Bulgaria Remains Confident to Join Schengen by Year's End

September 12, 2023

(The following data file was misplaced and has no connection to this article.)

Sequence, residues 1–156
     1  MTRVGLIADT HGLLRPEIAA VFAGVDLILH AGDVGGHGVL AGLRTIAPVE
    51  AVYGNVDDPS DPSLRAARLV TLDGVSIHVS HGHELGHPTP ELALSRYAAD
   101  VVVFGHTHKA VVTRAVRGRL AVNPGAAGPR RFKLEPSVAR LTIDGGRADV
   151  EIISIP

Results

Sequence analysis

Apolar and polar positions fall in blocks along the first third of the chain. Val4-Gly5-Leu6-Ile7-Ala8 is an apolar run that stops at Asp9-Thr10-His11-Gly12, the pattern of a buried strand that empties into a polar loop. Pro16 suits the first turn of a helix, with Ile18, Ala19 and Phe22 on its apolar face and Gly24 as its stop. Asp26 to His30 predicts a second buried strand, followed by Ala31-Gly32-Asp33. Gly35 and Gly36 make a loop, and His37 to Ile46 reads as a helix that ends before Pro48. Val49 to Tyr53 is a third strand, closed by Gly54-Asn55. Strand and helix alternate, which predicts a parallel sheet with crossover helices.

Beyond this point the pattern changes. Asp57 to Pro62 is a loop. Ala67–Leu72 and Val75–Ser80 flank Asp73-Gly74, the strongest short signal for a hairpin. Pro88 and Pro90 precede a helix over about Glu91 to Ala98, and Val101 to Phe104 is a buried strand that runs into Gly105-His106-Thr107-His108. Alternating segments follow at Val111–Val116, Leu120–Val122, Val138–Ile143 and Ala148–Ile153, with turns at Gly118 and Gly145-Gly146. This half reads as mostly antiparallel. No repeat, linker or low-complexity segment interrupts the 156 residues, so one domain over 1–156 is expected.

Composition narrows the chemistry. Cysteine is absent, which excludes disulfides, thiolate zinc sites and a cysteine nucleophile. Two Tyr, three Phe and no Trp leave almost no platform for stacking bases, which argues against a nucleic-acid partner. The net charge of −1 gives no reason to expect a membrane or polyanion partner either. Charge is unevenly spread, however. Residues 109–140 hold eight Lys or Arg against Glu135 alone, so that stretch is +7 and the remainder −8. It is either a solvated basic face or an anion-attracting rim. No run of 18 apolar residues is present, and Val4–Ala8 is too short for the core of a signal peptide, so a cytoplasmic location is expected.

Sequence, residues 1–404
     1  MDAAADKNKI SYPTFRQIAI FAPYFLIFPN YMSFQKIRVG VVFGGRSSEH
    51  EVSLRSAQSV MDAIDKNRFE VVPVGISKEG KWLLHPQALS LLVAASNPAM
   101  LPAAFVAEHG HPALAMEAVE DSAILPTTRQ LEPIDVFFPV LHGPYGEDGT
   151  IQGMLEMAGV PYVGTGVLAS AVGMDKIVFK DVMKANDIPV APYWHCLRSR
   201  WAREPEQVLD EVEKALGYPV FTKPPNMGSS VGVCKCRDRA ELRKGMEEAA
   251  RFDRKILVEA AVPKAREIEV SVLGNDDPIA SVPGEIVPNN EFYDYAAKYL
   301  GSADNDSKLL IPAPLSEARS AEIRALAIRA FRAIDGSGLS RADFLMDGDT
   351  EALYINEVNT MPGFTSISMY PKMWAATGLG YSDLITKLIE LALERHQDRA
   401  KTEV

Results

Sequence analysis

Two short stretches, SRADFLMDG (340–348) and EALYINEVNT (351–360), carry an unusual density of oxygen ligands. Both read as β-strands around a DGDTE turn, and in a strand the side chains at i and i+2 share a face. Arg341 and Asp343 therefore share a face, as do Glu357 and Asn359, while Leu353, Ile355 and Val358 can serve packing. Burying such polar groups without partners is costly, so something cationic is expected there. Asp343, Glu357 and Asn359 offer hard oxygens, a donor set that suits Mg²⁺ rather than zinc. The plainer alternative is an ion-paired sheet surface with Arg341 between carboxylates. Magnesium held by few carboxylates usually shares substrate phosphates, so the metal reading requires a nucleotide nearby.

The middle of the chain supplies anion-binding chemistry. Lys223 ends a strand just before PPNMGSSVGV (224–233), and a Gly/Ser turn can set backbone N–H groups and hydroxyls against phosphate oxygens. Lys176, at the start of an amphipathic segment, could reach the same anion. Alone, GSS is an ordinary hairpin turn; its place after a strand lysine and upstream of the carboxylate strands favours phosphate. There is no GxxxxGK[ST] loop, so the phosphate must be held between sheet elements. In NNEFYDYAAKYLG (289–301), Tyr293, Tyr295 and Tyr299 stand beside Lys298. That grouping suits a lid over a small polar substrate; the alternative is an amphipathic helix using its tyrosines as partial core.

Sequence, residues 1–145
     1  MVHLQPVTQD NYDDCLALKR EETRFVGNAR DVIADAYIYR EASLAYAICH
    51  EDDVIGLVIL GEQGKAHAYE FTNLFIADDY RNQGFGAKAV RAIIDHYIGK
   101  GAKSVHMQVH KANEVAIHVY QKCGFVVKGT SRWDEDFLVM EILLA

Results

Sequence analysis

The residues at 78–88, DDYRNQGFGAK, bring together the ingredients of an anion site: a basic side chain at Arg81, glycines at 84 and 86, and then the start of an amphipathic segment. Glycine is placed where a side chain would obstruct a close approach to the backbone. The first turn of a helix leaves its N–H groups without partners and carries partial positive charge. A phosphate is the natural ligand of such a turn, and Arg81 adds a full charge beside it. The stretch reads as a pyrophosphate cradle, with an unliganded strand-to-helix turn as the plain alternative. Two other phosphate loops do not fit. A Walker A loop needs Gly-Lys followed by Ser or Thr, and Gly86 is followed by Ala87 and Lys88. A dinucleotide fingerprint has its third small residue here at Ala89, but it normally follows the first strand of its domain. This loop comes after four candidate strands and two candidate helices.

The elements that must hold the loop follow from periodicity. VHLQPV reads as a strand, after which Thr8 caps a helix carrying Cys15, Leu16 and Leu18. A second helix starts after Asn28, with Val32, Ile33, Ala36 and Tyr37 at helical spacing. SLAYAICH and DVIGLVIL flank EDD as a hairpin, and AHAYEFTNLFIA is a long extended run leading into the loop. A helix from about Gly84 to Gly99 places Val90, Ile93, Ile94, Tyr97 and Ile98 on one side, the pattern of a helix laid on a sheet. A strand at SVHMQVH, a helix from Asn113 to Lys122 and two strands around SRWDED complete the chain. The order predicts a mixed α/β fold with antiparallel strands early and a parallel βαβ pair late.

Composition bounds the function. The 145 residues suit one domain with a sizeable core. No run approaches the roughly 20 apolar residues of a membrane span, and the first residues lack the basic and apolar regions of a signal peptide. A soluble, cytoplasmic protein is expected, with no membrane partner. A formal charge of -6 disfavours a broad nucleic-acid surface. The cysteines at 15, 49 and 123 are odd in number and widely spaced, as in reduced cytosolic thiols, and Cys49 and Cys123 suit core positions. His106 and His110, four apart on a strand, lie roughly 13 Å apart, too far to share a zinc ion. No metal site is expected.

[caption id="attachment_2073" align="alignleft" width="990"]Nessebar, Bulgaria Nessebar, Bulgaria[/caption] Bulgaria hopes to become a member of the Schengen area before the end of the year, that is, in October and December, as announced by Bulgarian Prime Minister Nikolai Denkov. Along with Romania, this Eastern European country aims to become a member of the Schengen area, but Austria and the Netherlands are blocking its path, citing its inability to control irregular migration flows. This may be related to the election campaign in the Netherlands, while Austria believes that Bulgaria's efforts to stem irregular migration flows on its external border with Turkey are insufficient and are the reason This is why Bulgaria is not ready to become a member. On the other hand, Denkov stated that if Bulgaria honors all its commitments and passes the necessary legislation, no one will have a significant argument against the country's entry into the Schengen area. The Bulgarian Prime Minister also emphasized that Spain, which holds the EU presidency from July 2023, supports the admission of these two countries into the Schengen area. Previously in 2023, the Netherlands hinted that it could lift its veto on Bulgaria and the only remaining country opposing its Schengen membership would be Austria. One of the reasons for these countries' protests is the important judicial reform in Bulgaria and the Commission's decision to end the Cooperation and Verification Mechanism (CVM) in both countries. However, in early July, Mark Rutte's coalition government in the Netherlands resigned after coalition members failed to agree on the country's immigration policy, affecting Romania's admission process and Bulgaria, causing unrest over their status. Bulgaria hopes Rutte's stance will soften thanks to the Balkan nation's support for Ukraine and judicial reform, but also a victory for the coalition between the Dutch center-left party PvdA (S&D) and GroenLinks (Greens). . The left has a better chance of winning the domestic election after joining forces ahead of snap elections for parliament in November. However, one of the candidates at the top of the Dutch left-wing list is former European Commission vice-president Frans Timmermans, who announced in July that he would no longer hold the Brussels post and instead wants to participate in elections in the Netherlands. Timmermans is known historically for pushing for Bulgaria and Romania to become members of the Schengen area.

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